Imperialism is thought to be a thing of the past. Yet in recent years, populist nationalists have increasingly expressed a strong sense of longing for their states’ imperial past. Russian President Vladimir Putin views the collapse of the Soviet Union as one of the greatest disasters of the 20th century and has begun reclaiming lost territory by annexing Crimea in 2014. Similarly, in his nostalgia for a grander, imperial Ottoman past, Turkish President Recep Tayyip Erdogan has revealed an interest in irredentist expansion that includes North Cyprus and Syrian border regions. As a reflection of a deep identity crisis following the loss of the British Empire, the Brexit process may ultimately rekindle the conflict in Northern Ireland and break up the United Kingdom.
The empire is dead – long live the empire!
Formal empires may be dead, but in the playbook of aggrieved nationalists who want to make their countries “great again”, the temptations of revisionism loom large. As vividly demonstrated by Putin’s Crimean land grab, the norms of peaceful border change have come under pressure in recent years. Leading states have shown little regard for international law, as reflected in the Trump Administration’s recognition of Israel’s occupied territories. While Trump’s electoral loss gives the liberal world order some respite, there is no doubt in my mind that it has been severely weakened.
To a large degree, the aforementioned tensions are the result of ethnic nationalism, an ideology that holds that political borders must coincide with national ones. Nationalist tensions frequently emerge in cases where multiple ethnic nations inhabit the same state or where members of the same nation remain divided by current borders.
Yearning for a past golden age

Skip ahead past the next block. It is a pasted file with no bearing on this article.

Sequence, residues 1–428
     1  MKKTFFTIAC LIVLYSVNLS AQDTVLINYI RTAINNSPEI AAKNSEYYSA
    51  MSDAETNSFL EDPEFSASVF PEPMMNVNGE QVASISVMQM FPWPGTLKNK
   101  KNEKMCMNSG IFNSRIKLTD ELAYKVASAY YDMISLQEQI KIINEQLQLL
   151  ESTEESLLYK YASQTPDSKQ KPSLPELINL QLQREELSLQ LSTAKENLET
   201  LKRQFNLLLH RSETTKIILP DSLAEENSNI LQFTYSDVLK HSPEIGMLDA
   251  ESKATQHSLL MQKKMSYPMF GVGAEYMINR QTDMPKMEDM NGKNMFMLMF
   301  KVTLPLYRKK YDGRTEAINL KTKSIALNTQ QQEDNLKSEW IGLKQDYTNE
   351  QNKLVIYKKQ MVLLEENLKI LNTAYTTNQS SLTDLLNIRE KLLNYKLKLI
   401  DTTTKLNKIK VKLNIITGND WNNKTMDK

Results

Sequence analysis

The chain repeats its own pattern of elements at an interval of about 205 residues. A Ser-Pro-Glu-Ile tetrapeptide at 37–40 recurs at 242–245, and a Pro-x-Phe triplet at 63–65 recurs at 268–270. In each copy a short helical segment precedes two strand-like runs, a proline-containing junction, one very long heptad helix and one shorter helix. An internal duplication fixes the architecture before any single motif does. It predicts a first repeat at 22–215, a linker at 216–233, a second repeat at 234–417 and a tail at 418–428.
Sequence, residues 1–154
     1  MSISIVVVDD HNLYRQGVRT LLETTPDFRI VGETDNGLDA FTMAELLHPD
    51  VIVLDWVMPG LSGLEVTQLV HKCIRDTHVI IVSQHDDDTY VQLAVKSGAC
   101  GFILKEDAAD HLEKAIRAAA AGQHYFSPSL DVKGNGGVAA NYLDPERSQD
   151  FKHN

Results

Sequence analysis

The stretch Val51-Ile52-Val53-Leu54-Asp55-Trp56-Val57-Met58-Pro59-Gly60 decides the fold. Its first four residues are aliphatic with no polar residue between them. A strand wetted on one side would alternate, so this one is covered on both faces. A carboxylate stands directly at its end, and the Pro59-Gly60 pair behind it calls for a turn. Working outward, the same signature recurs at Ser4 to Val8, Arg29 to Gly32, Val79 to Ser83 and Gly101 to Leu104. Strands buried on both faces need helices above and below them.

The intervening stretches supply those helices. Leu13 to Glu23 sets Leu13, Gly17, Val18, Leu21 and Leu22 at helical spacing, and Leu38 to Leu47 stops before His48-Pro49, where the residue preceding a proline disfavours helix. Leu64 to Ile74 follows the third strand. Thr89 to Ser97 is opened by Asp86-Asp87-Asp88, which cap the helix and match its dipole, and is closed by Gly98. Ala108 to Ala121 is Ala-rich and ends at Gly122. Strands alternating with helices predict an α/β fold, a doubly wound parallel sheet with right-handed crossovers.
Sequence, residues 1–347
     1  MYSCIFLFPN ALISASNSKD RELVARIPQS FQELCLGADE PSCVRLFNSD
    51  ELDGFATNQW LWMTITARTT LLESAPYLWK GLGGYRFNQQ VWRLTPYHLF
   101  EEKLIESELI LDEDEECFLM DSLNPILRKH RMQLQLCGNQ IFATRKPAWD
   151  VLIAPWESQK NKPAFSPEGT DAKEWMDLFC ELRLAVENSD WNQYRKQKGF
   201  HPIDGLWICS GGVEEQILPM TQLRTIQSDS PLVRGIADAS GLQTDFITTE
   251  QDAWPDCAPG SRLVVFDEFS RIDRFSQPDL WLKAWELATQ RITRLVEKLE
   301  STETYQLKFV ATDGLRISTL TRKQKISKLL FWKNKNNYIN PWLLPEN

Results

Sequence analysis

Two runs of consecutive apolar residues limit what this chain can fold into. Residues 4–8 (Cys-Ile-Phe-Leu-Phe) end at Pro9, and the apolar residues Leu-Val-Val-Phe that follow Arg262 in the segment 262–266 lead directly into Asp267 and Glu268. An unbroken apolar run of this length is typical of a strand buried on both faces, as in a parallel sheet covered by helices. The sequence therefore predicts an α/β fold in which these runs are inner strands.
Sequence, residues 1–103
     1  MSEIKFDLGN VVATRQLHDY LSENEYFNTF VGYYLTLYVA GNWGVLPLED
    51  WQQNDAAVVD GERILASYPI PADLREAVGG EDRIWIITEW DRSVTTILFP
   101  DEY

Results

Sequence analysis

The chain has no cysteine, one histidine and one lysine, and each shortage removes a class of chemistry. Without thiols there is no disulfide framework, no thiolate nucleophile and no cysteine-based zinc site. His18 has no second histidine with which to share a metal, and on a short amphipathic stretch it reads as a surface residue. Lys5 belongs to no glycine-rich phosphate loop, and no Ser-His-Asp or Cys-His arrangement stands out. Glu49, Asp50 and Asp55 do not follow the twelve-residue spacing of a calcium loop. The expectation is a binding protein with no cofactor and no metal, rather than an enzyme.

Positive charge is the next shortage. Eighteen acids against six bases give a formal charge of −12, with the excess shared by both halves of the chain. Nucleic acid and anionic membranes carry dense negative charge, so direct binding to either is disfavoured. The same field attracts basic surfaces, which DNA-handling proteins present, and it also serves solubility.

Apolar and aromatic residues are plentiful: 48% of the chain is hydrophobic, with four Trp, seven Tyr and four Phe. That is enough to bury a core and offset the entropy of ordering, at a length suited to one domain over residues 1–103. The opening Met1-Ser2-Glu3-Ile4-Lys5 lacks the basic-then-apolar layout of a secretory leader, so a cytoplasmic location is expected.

Together with my team, I have produced an analysis showing that the geopolitical fragmentation of ethnic groups is an important driver of civil conflict. Moreover, we emphasize that ethnic nationalists do not merely react to current injustices, but also often refer to a past “golden age” in their rhetoric.
In Putin’s case, the reference point is the USSR, and in case of Erdogan, the Ottoman Empire. Thus, what counts is not just a lack of unity, but a loss of unity compared to a real or mythical point in history that can date back very far. Using geocoded data on state boundaries and ethnic groups since the late 19th century, we can show that violent rebellions against established states are more likely when ethnic groups are fragmented by current borders and when the fragmentation increases.
In the ongoing ERC project on Nationalist State Transformation and Conflict (NASTAC), my team and I are currently extending this research by going even further back in time to study the historical roots of modern states and ethnic nationalism.
Wars of territorial expansion
So far, we have been able to confirm the great sociologist Charles Tilly’s thesis that warfare drove state formation and territorial expansion of great powers in early modern Europe. We have also shown that the rise of ethnic nationalism has reversed this previous trend toward larger states. In fact, since the early 20th century, states have been shrinking steadily, especially due to the collapse of multi-ethnic empires.
Thus, our research confirms that nationalism continues to threaten geopolitical stability. I believe that the coming years will reveal whether the forces of liberal democracy and power sharing regain their momentum or whether we are entering a much darker era characterized by ethno-nationalist domination and violent conflict. Much will hinge on developments in the West: in particular the power struggles inside the US and the EU, where currently democracy, the rule of law, and multi-ethnic tolerance are challenged by vocal illiberal forces. Ultimately, belief in the liberal world order rests on a successful track record of delivering wealth and security to the masses. In my view, failure in these crucial respects will create even more demand for populist nationalism and neo-imperialist adventures.
Seraina Rüegger and Guy Schvitz contributed to this blog post. Alongside Lars-Erik Cederman, both are also co-authors of the forthcoming article "Redemption through Rebellion: Border Change, Lost Unity and Nationalist Conflict", which will soon be published in the American Journal of Political Science.